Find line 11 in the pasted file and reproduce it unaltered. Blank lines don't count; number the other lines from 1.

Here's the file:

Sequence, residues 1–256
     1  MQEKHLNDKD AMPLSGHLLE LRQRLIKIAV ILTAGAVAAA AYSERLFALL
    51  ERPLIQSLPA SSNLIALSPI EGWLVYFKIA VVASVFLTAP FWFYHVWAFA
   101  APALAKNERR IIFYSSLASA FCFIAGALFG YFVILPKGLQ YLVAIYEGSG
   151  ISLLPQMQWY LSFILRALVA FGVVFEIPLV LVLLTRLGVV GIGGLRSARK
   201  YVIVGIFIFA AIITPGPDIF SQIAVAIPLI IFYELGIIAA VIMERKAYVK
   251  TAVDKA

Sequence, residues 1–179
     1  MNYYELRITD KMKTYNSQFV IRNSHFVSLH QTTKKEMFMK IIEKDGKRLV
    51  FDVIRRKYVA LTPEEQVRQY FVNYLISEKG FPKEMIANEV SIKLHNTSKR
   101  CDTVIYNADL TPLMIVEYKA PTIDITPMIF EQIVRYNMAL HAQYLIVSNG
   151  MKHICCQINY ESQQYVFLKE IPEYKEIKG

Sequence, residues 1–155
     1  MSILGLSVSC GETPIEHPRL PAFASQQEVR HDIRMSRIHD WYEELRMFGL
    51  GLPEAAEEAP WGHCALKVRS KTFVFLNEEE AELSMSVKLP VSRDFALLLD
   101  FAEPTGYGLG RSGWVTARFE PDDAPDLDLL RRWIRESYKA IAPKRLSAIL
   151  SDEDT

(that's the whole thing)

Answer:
   101  CDTVIYNADL TPLMIVEYKA PTIDITPMIF EQIVRYNMAL HAQYLIVSNG